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Getting Connection Establishing in Linux Server

 
Greenhorn
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I am working in webportal using Java,Mysql. I am facing below issue. I cant able to resolve the issue. Daily i am restart the server then this issue is not coming... how to resolve this issue. without restart the server....

Error
====
org.apache.tomcat.dbcp.dbcp.SQLNestedException: Cannot get a connection, pool error Timeout waiting for idle object
 
JavaMonitor Support
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Dear Manikandan,

This exception tells you that you are not closing the database connection properly. You code should close all connections in a finally block.

Kees Jan
 
Manikandan Rajmohan
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Kees Jan Koster wrote:Dear Manikandan,

This exception tells you that you are not closing the database connection properly. You code should close all connections in a finally block.

Kees Jan




But i am closing all the connection proerly....

This is my configration in server.xml

<Context path="" reloadable="true" docBase="/test/test/public_html" debug="1">
<Resource auth="Container" driverClassName="com.mysql.jdbc.Driver" maxActive="1000" maxIdle="1" maxWait="10"
name="jdbc/agent" password="password" type="javax.sql.DataSource"
url="jdbc:mysql://locahost:3306/testing?autoReconnect=true" username="username"/>
</Context>
 
Sheriff
Posts: 13411
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Can you post a short example of how you're getting an using the connection from within your Java code?
 
Manikandan Rajmohan
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Ben Souther wrote:Can you post a short example of how you're getting an using the connection from within your Java code?



The following connection method for getting the connection. I am establishing a connection in my action class and i am having dao. After finishing the data base operation then i am closing the statment etc., at last i am closing the connection in my action class. This s a process for getting and closing connection.


public Connection getConnection() {
Connection con = null;
try {
initContext = new InitialContext();
if (initContext != null) {
Context envContext = (Context) initContext
.lookup("java:/comp/env");
DataSource ds = (DataSource) envContext.lookup("jdbc/agent");
con = ds.getConnection();
if (ds != null) {
con = ds.getConnection();
in++;
}
log.info("Request Con No :: " + in);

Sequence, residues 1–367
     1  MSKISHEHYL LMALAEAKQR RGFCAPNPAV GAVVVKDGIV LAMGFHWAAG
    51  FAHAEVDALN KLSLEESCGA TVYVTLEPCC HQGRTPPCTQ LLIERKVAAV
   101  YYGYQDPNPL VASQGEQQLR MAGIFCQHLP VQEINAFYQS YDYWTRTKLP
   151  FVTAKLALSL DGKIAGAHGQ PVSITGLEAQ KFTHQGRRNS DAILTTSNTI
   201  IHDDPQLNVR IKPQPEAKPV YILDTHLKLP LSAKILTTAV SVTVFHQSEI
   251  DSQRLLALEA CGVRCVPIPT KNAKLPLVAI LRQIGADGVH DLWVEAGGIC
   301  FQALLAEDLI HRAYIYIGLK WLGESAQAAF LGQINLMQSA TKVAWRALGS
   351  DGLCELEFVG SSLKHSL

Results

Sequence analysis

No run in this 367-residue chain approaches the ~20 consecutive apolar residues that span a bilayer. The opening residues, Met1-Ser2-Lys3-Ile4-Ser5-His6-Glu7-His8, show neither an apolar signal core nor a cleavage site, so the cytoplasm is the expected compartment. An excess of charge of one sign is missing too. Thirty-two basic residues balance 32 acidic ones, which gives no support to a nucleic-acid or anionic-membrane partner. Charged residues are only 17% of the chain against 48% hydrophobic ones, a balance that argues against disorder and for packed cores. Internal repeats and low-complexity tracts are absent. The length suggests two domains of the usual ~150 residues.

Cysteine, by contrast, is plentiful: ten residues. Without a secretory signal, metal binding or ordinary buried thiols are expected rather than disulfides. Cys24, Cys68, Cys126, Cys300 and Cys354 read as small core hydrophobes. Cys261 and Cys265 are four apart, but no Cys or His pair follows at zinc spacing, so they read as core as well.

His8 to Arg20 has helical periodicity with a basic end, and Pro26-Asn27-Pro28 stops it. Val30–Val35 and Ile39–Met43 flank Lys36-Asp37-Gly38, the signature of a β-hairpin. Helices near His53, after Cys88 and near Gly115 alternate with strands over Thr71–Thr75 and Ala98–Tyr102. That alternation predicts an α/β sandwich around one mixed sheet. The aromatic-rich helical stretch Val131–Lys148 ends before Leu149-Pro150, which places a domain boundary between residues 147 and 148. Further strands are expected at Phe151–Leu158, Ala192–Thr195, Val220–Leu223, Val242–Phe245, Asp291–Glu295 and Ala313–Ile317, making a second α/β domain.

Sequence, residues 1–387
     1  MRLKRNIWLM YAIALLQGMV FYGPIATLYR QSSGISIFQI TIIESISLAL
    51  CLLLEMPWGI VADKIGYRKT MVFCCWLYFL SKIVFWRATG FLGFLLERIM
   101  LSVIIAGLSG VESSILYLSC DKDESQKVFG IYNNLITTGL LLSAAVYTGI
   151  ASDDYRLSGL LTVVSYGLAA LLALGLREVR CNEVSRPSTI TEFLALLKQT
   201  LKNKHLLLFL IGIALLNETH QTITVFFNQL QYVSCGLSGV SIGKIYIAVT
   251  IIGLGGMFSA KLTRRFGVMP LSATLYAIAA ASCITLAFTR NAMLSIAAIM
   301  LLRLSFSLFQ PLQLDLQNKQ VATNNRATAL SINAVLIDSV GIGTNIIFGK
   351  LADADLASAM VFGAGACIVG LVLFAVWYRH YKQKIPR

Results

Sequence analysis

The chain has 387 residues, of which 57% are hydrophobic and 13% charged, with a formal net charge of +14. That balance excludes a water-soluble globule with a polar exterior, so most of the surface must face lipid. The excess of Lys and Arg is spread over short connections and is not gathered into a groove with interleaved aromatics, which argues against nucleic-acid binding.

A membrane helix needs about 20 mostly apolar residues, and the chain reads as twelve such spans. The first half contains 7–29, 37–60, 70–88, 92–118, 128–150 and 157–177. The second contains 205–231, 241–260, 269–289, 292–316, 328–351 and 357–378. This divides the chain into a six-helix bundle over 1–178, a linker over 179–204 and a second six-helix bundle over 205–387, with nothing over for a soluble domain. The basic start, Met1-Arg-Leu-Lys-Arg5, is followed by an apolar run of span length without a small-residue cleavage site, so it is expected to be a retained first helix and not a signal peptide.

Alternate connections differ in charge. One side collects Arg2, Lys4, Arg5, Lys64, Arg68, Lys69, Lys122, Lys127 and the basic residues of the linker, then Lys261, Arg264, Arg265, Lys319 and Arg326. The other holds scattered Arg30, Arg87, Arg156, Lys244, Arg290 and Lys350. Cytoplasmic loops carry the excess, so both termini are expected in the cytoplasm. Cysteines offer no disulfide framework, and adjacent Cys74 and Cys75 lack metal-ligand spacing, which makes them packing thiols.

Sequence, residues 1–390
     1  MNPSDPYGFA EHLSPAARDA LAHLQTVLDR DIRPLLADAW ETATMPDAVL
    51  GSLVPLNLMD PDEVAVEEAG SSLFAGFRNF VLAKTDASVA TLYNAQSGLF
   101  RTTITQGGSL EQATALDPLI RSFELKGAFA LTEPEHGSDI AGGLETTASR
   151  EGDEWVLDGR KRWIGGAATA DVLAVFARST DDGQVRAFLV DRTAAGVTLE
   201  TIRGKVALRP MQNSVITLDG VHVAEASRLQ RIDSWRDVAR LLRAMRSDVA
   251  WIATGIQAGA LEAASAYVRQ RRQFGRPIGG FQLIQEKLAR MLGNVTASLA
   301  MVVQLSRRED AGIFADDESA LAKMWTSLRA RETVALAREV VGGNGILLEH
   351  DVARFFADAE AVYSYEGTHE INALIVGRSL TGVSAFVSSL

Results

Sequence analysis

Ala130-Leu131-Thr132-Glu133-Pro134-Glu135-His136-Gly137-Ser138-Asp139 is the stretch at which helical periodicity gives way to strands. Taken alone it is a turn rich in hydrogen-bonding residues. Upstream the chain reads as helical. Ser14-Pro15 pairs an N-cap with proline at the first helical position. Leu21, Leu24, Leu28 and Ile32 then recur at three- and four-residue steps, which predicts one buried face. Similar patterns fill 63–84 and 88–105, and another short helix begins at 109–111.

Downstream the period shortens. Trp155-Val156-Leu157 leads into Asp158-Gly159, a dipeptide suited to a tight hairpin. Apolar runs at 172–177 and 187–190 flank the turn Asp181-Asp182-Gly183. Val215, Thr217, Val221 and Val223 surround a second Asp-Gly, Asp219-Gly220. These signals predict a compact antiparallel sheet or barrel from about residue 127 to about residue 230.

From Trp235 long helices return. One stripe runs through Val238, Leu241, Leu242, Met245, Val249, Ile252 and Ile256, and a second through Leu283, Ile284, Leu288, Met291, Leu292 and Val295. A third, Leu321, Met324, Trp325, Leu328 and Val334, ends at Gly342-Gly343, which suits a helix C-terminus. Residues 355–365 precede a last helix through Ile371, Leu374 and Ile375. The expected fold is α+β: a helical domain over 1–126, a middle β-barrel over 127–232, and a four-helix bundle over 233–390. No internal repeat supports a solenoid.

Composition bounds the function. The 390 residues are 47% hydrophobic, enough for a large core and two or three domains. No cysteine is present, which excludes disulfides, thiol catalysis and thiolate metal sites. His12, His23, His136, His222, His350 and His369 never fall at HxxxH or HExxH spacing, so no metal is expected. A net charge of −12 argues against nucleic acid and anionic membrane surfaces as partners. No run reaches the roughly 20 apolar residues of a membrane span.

log.info("Con :: " + con);
}
} catch (NamingException e) {
e.printStackTrace(pw);
log.error(sw);
} catch (SQLException e) {
e.printStackTrace(pw);
log.error(sw);
}
return con;
}

------------------------------------
Close
====

public void closeInitContext(Connection con) {
try {
if (con != null)
con.close();
if (initContext != null)
initContext.close();
in--;
} catch (NamingException e) {
e.printStackTrace(pw);
log.error(sw);
} catch (SQLException e) {
e.printStackTrace(pw);
log.error(sw);
} finally {
log.info("After Close Con No :: " + in);
}
}
 
Ben Souther
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As Kees mentioned, you need to close your connection in a finally block.
Otherwise, any exceptions thrown before the con.close() statement will keep the program from reaching it.

Furthermore, if you're going to have a method for closing db connections, you need to make sure that that method always gets called in a finally block. Otherwise it will never be called.

I'm guessing that you've got conditions in your code where you handle errors but never call your closeInitContext method. Each time that happens you create another abandoned database connection. Once you hit the limit and can't create any more, your app dies.

Restarting the app starts the process all over again.
 
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This kind of coding error is very common, unfortunately. A lot of people don't even realize that they have to do the close for both error and non-error conditions. Well, actually they probably do, but between bad examples, the push to "Git 'R Dun!" and the fact that failure modes tend to not get well tested, there's a lot of code that has slow leaks in the database connections.

Speaking of "Git 'R Dun!", it pains me to admit I once worked in a shop where they never had time to failure-proof the code, but they always had time to reboot the production server every few days.

Incidentally, one of the primary reasons I started using the Spring Framework in most of my webapps is that Spring's database facilities handle such nasty little nuances automatically. You don't have to explicitly code them over and over again. That is a way to Git 'R Dun!
 
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